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GreenEDGE chief insists he’s not ‘poaching’ Garmin riders

  • By Agence France Presse
  • Published Jan. 17, 2011

ADELAIDE, Australia (AFP) — The man spearheading a new Australian elite cycling project insisted Monday he would not resort to poaching riders illegally from other teams.

Shayne Bannan, the former head of Australia’s high performance cycling program, unveiled plans for the first ever Australian-financed and registered team among Europe’s elite echelon in 2012.

Related: GreenEDGE: An Aussie ProTeam in the making?

But he was immediately forced to defend reports he had infringed UCI rules by negotiating with Australian riders who under already under contract with other top level teams.

“Obviously it’s in our best interests to target the best Australians who are out of contract at the end of 2011,” said Bannan.

“At the appropriate time we will be in more formal negotiations,” with the riders.

While Bannan is confident the project will meet strict criteria set out by the UCI once their application for a ProTeam licence is officially lodged in August, controversy has already surfaced.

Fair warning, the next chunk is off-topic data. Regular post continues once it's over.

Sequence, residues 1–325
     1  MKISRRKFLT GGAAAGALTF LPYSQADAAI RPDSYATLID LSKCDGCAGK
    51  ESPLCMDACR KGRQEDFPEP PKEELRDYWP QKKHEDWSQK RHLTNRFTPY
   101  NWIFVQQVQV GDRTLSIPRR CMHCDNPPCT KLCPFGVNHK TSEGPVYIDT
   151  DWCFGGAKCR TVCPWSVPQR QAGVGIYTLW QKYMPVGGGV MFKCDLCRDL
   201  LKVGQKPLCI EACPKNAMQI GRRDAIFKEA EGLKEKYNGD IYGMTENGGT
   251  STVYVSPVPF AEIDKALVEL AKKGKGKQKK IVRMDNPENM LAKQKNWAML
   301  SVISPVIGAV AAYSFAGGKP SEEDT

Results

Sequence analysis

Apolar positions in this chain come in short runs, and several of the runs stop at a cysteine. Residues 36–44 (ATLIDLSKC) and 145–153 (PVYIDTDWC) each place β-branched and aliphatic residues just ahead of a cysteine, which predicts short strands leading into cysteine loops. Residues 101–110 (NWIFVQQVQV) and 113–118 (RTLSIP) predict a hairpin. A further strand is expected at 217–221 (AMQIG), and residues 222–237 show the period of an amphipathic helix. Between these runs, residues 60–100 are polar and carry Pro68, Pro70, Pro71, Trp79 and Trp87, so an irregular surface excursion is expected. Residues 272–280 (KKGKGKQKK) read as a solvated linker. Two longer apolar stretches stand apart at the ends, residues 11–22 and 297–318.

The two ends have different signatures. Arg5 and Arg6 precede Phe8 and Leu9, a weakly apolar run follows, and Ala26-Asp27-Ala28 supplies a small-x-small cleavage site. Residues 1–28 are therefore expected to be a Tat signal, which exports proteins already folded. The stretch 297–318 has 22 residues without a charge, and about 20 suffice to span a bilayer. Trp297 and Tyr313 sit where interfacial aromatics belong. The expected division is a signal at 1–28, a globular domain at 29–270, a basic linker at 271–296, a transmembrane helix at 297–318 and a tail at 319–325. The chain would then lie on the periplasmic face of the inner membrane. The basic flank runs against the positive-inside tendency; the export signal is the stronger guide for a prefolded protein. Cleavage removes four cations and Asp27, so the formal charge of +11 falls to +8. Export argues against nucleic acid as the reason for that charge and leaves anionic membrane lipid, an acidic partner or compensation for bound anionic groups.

Reports earlier this week claimed the team project, called GreenEDGE, was already linked to a number of top emerging Australians, including recently-crowned Australian champion Jack Bobridge, Cameron Meyer and sports director Matt White — all of whom are under contract at Garmin-Cervelo.

The contracts of all three expire on December 31 and UCI rules say official contract talks can only take place after August 1.

Garmin-Cervelo team boss Jonathan Vaughters hit out: “While I understand the strong national pride of Australians and understand the desire to have a team of their own, if any employment discussions of any sort occur with any of our riders outside of the mandated transfer time then we will pursue the appropriate legal action.”

In reality, contract talks often take place informally before, during and after races — a fact Bannan confirmed by claiming he had already been approached by several Australians keen to come on board.

But he said: “I’d have the same response (to Vaughters). He’s got some fantastic Aussies in his team but he would be aware that some of them are out of contract at the end of the year.”

If granted a UCI Pro Tour licence for 2012, GreenEDGE would become the first Australian-backed and registered team in cycling’s elite.

The team aims to have 75 percent of its roster composed of Australian riders, the remainder coming from countries where future title sponsors have business interests.

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